Improving trigger pulls usually works as one of, or a combination of three methods:
- Reducing friction between parts where they interact, usually by polishing
- Reducing spring tension, so there is less pressure to overcome for the parts to function
- Changing the geometry of parts and/or surfaces so there is less metal to metal contact. Less contact means less friction.
Following the instructions below, you should be able to make the trigger pull both smoother and a little lighter. When you reassemble the hammer and trigger make sure the hammer legs are resting on top of the trigger pin and not underneath it. A little Moly Slide paste on the sear surfaces will make the trigger pull even slicker. Once it’s back together, perform a function test to make sure the safety and all the other parts are working properly.
Steps for Improving Tripper Pulls:
- MAKE SURE YOUR GUN IS UNLOADED. You’ll need to separate your upper and lower receivers. To do this simply push the forward and rear take-down pins out, left to right. Next, hold your thumb on the hammer. Keep pressure on it, and pull the trigger to de-cock it. Let your thumb control the hammer as it rides forward to its un-tensioned state. Don’t just let it smack forward; it can bang up your receiver and possibly crack it.
Here you can see the hammer fully forward:
- Carefully study the pictures below and note the orientation of the springs, etc. The hammer springs must sit ABOVE the trigger pivot pin when re-assembling the parts: this is pretty important.
- There’s no need to remove the spring; it will move around and you can get it out of the way as you work. Keep it on it can get twisted and messed up during removal. It won’t hurt anything keeping it on. Next, we want to drift out the trigger pivot pin.
- Points A and B are the ones that we’re mostly concerned about, as these are the contact points when the trigger is fired most of the time. If these two points are polished up, is will smooth that famous gritty AR-15 trigger substantially. Points C and D are where the disconnector interfaces with the hammer and it affects trigger pull off the reset. If you decide to polish those do so very gently. A little is a lot on those areas.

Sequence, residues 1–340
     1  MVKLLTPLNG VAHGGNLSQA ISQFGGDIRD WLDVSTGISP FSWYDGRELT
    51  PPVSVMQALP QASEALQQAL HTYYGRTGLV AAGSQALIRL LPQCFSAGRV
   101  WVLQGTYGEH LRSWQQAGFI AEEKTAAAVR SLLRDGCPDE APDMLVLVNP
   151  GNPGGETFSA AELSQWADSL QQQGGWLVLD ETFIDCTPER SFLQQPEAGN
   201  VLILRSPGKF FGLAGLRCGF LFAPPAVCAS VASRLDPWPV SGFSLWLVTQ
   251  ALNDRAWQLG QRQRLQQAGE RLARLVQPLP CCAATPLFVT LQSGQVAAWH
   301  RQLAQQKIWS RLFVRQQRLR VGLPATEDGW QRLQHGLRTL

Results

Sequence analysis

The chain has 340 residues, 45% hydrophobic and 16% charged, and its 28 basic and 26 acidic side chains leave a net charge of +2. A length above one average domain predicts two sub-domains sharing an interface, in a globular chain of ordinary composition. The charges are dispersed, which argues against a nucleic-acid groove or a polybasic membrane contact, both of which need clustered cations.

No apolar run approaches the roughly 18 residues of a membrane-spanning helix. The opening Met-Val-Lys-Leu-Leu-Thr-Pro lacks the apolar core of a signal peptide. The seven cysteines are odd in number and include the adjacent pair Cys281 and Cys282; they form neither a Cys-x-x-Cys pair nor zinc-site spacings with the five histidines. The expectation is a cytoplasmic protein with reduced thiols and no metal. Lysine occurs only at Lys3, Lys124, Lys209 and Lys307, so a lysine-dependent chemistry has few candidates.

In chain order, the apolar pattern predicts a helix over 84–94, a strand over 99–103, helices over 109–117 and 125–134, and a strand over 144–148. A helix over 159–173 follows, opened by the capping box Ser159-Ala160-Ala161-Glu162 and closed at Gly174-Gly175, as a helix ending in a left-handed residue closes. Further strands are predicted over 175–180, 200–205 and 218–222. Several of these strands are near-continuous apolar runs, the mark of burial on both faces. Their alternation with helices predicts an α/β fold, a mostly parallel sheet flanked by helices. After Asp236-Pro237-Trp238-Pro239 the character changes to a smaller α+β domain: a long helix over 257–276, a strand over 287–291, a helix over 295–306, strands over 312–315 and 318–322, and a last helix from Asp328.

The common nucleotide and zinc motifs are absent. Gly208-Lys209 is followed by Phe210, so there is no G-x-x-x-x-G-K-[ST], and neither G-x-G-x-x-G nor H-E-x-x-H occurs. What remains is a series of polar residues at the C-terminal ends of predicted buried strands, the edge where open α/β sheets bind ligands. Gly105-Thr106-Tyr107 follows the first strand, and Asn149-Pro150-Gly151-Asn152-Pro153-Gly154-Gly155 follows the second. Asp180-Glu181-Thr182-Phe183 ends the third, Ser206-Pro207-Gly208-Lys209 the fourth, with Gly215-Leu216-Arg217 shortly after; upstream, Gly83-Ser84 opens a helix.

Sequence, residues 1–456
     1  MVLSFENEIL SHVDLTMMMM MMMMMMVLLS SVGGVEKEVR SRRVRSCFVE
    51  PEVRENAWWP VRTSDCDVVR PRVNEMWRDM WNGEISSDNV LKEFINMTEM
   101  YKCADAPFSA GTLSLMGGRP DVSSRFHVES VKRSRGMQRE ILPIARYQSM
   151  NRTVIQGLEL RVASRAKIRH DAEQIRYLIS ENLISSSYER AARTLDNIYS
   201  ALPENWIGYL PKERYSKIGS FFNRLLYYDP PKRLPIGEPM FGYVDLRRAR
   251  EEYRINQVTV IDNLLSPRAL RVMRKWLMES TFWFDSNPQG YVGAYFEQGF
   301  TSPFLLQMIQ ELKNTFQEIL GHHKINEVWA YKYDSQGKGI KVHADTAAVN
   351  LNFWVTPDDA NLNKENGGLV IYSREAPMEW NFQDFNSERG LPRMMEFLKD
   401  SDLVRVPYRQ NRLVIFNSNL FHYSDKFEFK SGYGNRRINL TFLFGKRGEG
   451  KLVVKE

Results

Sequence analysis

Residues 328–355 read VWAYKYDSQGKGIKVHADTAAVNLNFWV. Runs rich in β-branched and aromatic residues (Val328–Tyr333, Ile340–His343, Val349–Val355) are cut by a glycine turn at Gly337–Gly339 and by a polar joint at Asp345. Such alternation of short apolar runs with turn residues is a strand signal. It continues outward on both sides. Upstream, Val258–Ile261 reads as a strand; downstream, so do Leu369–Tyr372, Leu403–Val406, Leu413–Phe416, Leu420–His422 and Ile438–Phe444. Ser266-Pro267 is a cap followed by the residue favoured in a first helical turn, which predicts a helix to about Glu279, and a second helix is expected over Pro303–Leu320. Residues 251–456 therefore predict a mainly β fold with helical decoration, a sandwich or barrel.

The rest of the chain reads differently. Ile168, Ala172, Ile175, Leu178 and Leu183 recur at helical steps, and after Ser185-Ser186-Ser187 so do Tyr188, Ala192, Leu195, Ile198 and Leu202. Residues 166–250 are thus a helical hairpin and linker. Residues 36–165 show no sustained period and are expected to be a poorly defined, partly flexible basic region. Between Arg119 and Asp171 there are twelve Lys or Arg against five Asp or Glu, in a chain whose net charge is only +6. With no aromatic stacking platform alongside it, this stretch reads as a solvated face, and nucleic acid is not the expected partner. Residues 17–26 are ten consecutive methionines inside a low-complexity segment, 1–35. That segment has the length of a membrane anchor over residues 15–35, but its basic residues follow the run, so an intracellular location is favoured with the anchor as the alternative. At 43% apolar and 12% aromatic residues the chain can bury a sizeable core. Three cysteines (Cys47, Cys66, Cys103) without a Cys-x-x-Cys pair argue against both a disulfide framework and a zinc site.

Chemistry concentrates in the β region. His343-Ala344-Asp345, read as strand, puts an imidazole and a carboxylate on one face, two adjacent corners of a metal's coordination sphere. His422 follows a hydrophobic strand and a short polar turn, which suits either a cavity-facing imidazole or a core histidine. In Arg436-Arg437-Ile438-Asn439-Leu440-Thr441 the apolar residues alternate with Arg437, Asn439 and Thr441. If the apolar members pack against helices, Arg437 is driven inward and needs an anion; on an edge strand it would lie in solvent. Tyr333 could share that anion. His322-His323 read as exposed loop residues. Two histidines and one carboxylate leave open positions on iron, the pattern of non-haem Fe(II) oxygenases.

- Polish both sides of that square lug in the front of it. We’ll use the 600 grit for this initially. As they come from the factory, most AR-15 triggers have very roughly machined surfaces. You can see that here, in the silver area in the front of the trigger. What we’re aiming to do is to remove those machining marks, yet keep all these surfaces square and true. Any rounded edges, burrs, and “oops”es can ruin a trigger pull faster than you can blink. The squarer and sharper you can keep the edge of that lug, the crisper your pull will be.
- For the hammer. The little sear notch in the back of the hammer is where that square lug on the trigger interfaces. Wrap the sandpaper on a thin nail file and gently work the bottom of the notch. This is the hardest part to get right and the easiest to screw up, so I’d like to tell you to just gently polish the area with a few strokes of 600 and then 1000 grit paper. If you take too much metal off, the trigger may not catch and the gun won’t work.
- Polishing those two areas, should make a world of difference in your trigger pull, just reducing the grittiness of the pull. It won’t make it actually lighter, but it will give you the illusion of a lighter pull through smoother trigger/hammer interaction.
- Lightly grease all the points I just polished before re-assembly; this will help the parts slide apart better. Then the trigger goes back in the gun. Work it back into the receiver, and push it down through the hole in the lower receiver. To keep it in place while you work on it, push one of the pivot pins in just far enough to hold it, but not so far that it will keep you from getting the disconnector back in. Then push the disconnector down against the small round spring’s tension, until the hole lines up with the pivot pin hole in the trigger. Gently tap the trigger pivot pin through. Using the punch through the opposite side of the receiver can help you line things up as you push the pin through.
- Note the orientation of the spring on the hammer. This is critical if you want your gun to work properly. Now, lay those two legs of the spring down on top of the trigger pivot pin. And push the hammer downwards, against the spring tension, until it aligns with the holes in the receiver for the pin. Push the pin through and keep wiggling the trigger until the pin is aligned and properly through the other side. They should fit flush.
- Re-assemble the upper receiver on the lower, and try it out. Dry firing the gun is fine (MAKE SURE IT’S UNLOADED!!!) for testing. Hopefully everything went according to plan and the pull has been moderately improved. Always take it to the range and test-fire it under safe conditions to make sure it works well, and safely.
- The basic premise of this (polishing moving/interacting parts) will work on many guns if you’re careful. Enjoy your new trigger pull, and as always, Stay safe!
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